Philadelphia Phillies Optimistic About Heading To Spring Training In 2017
By Dan Wanser
The Philadelphia Phillies used to be a force to be reckoned with. “The team to beat” started their historic stretch in 2007, ripping off five straight National League East Division titles which included two trips to the World Series and a championship in 2008.
Players like Jimmy Rollins, Cole Hamels, Chase Utley, and Ryan Howard paved the way to the first championship team since 1980, but that all began to spiral out of control when Howard tore his achilles tendon during the final out of the 2011 NLDS.
Since then, the Phillies have not broken the .500 mark and the players that led the parade down Broad Street have moved on to other teams or left the game for good; the 2017 team is not the team of old.
On Opening Day of the 2017 season you will likely see Tommy Joseph and Maikel Franco on the infield corners and someone like Aaron Nola on the mound as they are the new faces of the franchise and will look to start the next era of Phillies baseball.
The last two seasons the team has been in a total rebuild, but with the recent offseason additions of veteran outfielders Michael Sanders and Howie Kendrick both the players and manager Pete Mackanin have higher hopes for this year – even if that means just playing at around a .500 level again.
“We want to have the opportunity to compete in every ball game, I think we have great talent.” said likely first baseman Tommy Joseph, “You’re going to win a lot of those, you’re going to lose a lot of them, it just part of the game”.
One of the main things that have plagued the Phillies the last few years and will need to change if the team is going to be successful is the offensive productivity.
Last season the team finished dead last in the MLB in Runs Scored, Runs Batted In, Doubles, Total Bases, and OPS (on base plus slugging percentage) as well as finishing 29th in Team Batting Average, On Base Percentage, and Slugging Percentage; the team finished 24th in Total Home Runs.
The additions of Saunders and Kendrick should help these stats as they are both plus hitters and the protection they will add to what was definitely a subpar lineup last season will be key, but the main progression will come in the experience the younger players will receive.
From players who are turning into veterans before our eyes like Freddy Galvis (who hit twenty Home Runs on top of almost winning a Golden Glove Award) to younger players like Franco, Joseph,
If this trend continues the team should be scary good in a relatively short amount of time.
“I think a lot of us have swings that are built for power.” added Joseph, “Maikel Franco has one of the best swings in the league…
Freddy Galvis hit twenty homers last year, Cesar Hernandez can get on base whenever he wants and that’s how good those hitters are”.
In order to try to spark the offense this season, the organization brought in Matt Stairs as the team’s new hitting coach.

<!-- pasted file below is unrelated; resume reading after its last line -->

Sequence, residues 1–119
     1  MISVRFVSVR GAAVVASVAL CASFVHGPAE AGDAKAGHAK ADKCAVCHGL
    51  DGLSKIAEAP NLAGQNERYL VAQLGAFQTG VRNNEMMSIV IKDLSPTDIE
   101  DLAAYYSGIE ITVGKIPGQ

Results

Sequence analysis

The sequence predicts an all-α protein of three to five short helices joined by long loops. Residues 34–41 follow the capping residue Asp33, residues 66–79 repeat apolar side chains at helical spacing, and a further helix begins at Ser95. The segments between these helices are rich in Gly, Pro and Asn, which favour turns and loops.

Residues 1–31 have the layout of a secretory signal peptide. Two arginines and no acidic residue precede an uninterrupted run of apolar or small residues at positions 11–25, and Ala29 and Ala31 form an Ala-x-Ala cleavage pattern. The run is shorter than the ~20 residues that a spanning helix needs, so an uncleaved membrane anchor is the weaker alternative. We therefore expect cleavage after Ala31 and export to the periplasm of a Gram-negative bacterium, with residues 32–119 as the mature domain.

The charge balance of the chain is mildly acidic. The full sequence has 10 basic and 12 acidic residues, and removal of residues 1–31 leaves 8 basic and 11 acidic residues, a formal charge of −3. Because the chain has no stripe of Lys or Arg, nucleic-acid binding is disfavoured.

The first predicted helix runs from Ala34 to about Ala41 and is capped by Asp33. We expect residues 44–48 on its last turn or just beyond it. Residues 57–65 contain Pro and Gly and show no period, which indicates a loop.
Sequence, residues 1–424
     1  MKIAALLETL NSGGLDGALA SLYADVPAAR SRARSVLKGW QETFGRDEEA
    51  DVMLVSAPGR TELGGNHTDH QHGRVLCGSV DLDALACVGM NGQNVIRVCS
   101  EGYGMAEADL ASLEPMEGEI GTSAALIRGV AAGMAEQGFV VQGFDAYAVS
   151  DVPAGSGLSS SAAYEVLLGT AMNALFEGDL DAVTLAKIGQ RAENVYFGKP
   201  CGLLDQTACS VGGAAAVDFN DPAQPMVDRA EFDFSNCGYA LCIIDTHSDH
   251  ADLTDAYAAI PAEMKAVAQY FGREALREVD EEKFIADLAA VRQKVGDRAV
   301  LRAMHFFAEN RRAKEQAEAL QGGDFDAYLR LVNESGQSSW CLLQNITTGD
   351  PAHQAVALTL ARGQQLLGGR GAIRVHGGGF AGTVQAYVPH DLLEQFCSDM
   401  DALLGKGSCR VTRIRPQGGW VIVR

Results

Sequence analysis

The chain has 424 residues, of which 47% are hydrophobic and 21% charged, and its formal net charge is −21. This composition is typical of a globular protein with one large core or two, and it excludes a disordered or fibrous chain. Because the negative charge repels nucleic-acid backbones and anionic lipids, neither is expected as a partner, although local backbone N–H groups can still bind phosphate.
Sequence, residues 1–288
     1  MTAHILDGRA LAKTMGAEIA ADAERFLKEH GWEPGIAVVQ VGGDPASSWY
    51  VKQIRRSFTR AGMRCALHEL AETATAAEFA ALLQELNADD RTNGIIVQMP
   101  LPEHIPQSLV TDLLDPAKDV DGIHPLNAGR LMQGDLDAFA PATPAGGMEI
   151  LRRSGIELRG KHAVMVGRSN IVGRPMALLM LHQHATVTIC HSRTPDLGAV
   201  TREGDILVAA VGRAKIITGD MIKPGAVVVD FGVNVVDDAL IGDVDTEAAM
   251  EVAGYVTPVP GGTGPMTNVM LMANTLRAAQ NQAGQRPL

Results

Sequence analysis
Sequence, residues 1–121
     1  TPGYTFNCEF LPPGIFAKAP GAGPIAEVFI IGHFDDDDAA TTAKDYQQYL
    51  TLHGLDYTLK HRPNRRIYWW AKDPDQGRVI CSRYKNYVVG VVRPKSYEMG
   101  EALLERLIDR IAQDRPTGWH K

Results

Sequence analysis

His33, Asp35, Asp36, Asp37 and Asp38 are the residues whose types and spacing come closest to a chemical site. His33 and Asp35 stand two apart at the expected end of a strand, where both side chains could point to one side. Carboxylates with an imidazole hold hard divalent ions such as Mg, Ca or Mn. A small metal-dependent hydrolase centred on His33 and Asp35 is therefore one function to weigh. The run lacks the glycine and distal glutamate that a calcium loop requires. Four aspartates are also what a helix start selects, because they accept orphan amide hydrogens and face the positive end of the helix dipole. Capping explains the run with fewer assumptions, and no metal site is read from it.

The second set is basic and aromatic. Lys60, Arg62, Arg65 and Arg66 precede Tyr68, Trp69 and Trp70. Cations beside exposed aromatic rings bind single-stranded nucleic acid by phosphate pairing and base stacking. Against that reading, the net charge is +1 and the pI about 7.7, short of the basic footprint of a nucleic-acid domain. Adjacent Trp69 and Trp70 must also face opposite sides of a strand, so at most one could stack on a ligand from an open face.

Stairs spent part of his playing career in Philadelphia during the 2008 and 2009 seasons and is most known for his game winning home run off of Jonathan Broxton in Game 4 of the 2008 NLCS,
Stairs spent the last three seasons in the Phillies broadcast booth as a part time commentator.
“I’m glad he’s the new hitting coach” said third baseman Maikel Franco, “I think we have a good relationship with him, I want to learn everything I can about hitting…I want to do everything possible to have a good relationship with him”.
On the other side of the ball, the Phillies pitching has been the one thing that has remained relatively consistent over the years.
The starting rotation has led the way in this aspect of the game, and got a boost this offseason with the resigning of veteran right-hander Jeremy Hellickson and the signing of two time all star Clay Buchholz.
However, the most important member of this rotation moving forward is likely going to be Aaron Nola. Nola was drafted by the Phillies in 2014 and made his debut just one year later.
The 23-year-old excelled throughout the 2015 and 2016 season until he was sidelined with an elbow injury in August which forced him to miss the rest of the season.
He will now face his first true adversity as he attempts to rehab his elbow without surgery and get back to his old form.
“The injury was definitely new to me.” said Nola, “Right now I’m feeling good and my body is healthy; my elbow is healthy. I don’t think there’s going to be any setbacks.I’m on a regular schedule right now, and I’m going to try to be prepared as I can going into spring training”.
There is a lot of reason to be optimistic about the upcoming 2017, but do not let that get you carried away. The Phillies have a lot of reachable goals for this year; and a .500 season would likely be looked at as a major success.
Maybe it’s not the playoffs, but if this team can get used to winning and then expect to win in the future, there is a lot to look forward to.
*** The views and opinions expressed in this report are those of the author and do not necessarily reflect the views of mlbreports.com and their partners***
A big thanks goes out to our “Guest Writer’’ Dan Wanser for preparing today’s featured post.
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Posted on January 24, 2017, in MLB Teams State Of the Unions and tagged 2008 World Series Champs, aaron nola, cesar hernandez, chase utley, Citizens Bank Ball Park, clay buchholz, cole hamels, dan wanser, Freddy Galvis, howie kendrick, J.P. Crawford, Jerad Eickhoff, jimmy rollins, Jorge Alfaro, Maikel Franco, mark appel, matt stairs, Michael Saunders, mickey moniak, NL east, Odubel Herrera, Pete Mackanin, philadelphia phillies, ryan howard, Tommy Joseph. Bookmark the permalink. Leave a comment.